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Archive for November 20th, 2014

Plead what I will be, not what I have been;
Not my deserts, but what I will deserve.  –  Shakespeare, Richard III (IV,iv)

If you’ve been reading me for a while you’ve noticed that I’m a bit persnickety about words.  OK, that’s an understatement; I can actually be downright maniacal about them.  But as I pointed out in “Nasty Words”,

As a writer, words are my tools, and I cherish them and baby them the way a good mechanic cares for the tools of his trade.  And just as a good mechanic always uses the right tool for the job rather than trying to make do with whatever happens to be nearby, so I insist on using the right word…and just as some mechanics are annoyed by seeing others misuse or abuse their tools, so am I annoyed by the misuse or abuse of words…

This doesn’t mean I’m a grammar Nazi, though (as you’ve also probably noticed).  It’s not misspellings, malapropisms or mistakes like “irregardless” that set my teeth on edge, and you’ll probably never see me rail about them unless I’m deliberately trying to be difficult.  No, what annoys me are A) words which are improperly constructed (such as “homophobia”) or improperly used (such as “vagina”) by people who should know better, trying to sound “proper” or “intellectual” or “serious” and failing miserably; and B) proper words used properly which nonetheless grate on my nerves due to their referring to morally or philosophically objectionable concepts.  I’ve already written about (A) in the aforementioned “Nasty Words”, and about one important example of (B) in “The Privilege Paradigm”.  But today I’d like to target the word “deserve”, the visible part of an iceberg of moral odiousness floating unseen below the social waterline.

Weighing of the HeartIf you’re scratching your head about now, consider what the word “deserve” implies:  that there is some absolute and unambiguous moral standard in the universe against which actions and people can be weighed like a heart against a feather in the Egyptian afterlife, with “deserving” things exalted with hosannahs and “undeserving” thrown to that crocodile-headed thing.  Yes, that’s an exaggeration, but not by much; “deserve” implies a clear, objective standard on which all right-thinking people can agree, and sets up an external authority as the judge.  And those implications lead to two important misrepresentations of subjective things as objective; the first is merely annoying, while the second is one of the chief rationalizations for tyranny.

The first of those misrepresentations is the one used with irksome regularity in advertisements for luxury goods or what we might call “common luxuries”, things such as ice cream or fast food which aren’t luxurious, but aren’t strictly necessary either. It’s nearly impossible to go a day without seeing some huckster hawking his goods with phrases like McDonald’s classic “You deserve a break today,” implying that the consumer is a long-suffering paragon of virtue whose unremitting efforts go unrecognized by Them, despite the fact that the whole business would fall apart if not for her. So even if she isn’t paid as much as she “deserves” or given the praise she “deserves”, she can reward herself by spending money at whatever business the ad is trying to promote. Vacation travel is one of the most notorious abusers of the word, but in a bad economy it has a strong challenger in loan companies who promise to give the consumer “the credit you deserve”, implying that hey, it isn’t actually your fault that you defaulted on all those bills. Am I implying that people with bad credit are deadbeats? Not at all; life is hard and shit happens (and I’m only just building back my own credit from a near-total wipeout in the autumn of 2008). But let’s not pretend that good credit is some kind of award for the virtuous, either; actuarial tables are not based in scruples, but in statistics. Either there’s a good chance a lender will get his money back from a borrower or there isn’t, and “deserve” has nothing to do with it.  That also happens to be the title of an excellent essay by Ken “Popehat” White which I linked in “Return of the Agitator“:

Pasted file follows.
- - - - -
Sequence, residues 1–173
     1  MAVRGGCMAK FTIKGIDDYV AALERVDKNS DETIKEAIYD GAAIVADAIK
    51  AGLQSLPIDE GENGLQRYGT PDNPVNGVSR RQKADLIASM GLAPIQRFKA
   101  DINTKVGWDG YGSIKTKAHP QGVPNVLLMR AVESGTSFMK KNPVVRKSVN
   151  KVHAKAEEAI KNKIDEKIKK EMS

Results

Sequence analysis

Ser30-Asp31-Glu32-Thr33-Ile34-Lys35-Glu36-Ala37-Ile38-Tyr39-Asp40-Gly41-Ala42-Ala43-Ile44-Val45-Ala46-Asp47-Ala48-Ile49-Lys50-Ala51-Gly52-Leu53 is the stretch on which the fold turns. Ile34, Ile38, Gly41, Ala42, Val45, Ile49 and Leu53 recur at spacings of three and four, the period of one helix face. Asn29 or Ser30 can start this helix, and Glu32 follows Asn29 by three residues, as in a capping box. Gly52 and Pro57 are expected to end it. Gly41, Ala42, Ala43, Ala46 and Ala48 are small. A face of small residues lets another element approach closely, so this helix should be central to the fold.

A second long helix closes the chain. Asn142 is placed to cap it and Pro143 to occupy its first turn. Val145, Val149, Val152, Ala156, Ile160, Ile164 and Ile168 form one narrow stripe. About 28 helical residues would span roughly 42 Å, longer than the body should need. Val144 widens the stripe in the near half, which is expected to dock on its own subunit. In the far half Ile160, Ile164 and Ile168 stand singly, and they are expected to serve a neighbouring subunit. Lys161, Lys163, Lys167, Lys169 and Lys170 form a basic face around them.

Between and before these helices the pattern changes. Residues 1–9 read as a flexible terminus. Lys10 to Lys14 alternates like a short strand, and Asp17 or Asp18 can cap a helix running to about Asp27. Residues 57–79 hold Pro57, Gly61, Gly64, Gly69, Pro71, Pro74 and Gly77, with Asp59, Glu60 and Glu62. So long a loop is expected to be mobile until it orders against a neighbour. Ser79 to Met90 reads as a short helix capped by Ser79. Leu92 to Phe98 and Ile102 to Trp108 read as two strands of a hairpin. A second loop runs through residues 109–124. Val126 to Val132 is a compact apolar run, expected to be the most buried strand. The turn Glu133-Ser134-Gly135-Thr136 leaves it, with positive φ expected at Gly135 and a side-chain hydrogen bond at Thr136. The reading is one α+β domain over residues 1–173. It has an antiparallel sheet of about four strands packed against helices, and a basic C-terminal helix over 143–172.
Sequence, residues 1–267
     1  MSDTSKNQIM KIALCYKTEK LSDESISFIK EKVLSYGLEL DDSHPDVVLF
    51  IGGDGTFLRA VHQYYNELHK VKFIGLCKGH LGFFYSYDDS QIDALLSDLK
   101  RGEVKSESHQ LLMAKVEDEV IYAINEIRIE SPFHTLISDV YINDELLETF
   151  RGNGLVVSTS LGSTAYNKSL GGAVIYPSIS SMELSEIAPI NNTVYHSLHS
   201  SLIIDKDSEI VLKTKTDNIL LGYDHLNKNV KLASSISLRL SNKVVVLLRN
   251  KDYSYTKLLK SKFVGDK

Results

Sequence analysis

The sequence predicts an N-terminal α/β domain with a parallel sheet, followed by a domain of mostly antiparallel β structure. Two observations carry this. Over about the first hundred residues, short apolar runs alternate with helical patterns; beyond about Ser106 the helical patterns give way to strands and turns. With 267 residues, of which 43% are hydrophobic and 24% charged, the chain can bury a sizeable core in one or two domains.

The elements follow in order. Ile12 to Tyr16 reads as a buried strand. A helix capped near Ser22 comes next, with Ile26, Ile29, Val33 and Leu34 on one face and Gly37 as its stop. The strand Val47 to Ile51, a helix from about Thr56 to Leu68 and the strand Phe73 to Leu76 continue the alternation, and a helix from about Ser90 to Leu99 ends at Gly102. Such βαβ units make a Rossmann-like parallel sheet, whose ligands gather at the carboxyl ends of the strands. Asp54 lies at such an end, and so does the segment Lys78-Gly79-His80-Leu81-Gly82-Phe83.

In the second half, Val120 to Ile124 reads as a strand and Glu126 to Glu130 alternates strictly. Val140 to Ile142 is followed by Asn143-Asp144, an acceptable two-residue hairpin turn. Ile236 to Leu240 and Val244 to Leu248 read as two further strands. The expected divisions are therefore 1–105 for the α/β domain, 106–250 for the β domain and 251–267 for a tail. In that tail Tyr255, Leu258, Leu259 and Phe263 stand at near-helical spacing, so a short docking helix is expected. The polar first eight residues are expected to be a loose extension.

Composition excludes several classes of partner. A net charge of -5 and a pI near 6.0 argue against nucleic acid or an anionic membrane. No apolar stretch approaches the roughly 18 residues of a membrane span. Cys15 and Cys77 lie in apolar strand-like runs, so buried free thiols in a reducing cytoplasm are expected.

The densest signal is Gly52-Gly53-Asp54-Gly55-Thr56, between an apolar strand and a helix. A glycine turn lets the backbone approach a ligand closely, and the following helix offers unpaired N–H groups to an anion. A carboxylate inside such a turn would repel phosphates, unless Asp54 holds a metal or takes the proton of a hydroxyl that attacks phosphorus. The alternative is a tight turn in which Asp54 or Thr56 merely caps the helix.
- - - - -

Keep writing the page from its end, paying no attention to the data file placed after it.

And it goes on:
…the central narrative of our criminal justice system…offers the ultimate excuse for cutting corners, giving police the benefit of the doubt, looking the other way at constitutional violations, putting our thumbs on the state’s end of the scales of justice.  He got what he deserved — that’s what one side says, cutting through facts and law and reasoned analysis to pure us vs. them.  He didn’t deserve that,  says the other side, unwittingly lending support to the implicit argument that there are some who do.  But deserve’s got nothing to do with it.  Heroism and villainy have nothing to do with it.  We have to demand that everyone be treated justly, whether our viscera tell us that they do not deserve the rule of law at all…because it’s…foolish and perilous to let the state (or the mob) decide who deserves rights and who doesn’t…

I'm No Saint, I'm No Angel, I'm Just Human by Rebivaleska (2012)The word “deserve” is thus allowed to excuse the inexcusable; it’s OK that we gunned down that black kid, because he stole a pack of cigarettes two years ago.  It’s OK we raped that woman, because she’s a streetwalker.  It’s OK we’re fining charities for feeding those people, because they’re drug addicts.  It’s OK we entirely shut these men out of human society, because they’re “sex offenders”.  They don’t deserve to be treated like human beings, because they’re “no angels”…the implication being, of course, that only angels deserve humane treatment, no matter what the easy-credit guys tell you.  And if you see nothing wrong with that implication, you deserve everything you get.

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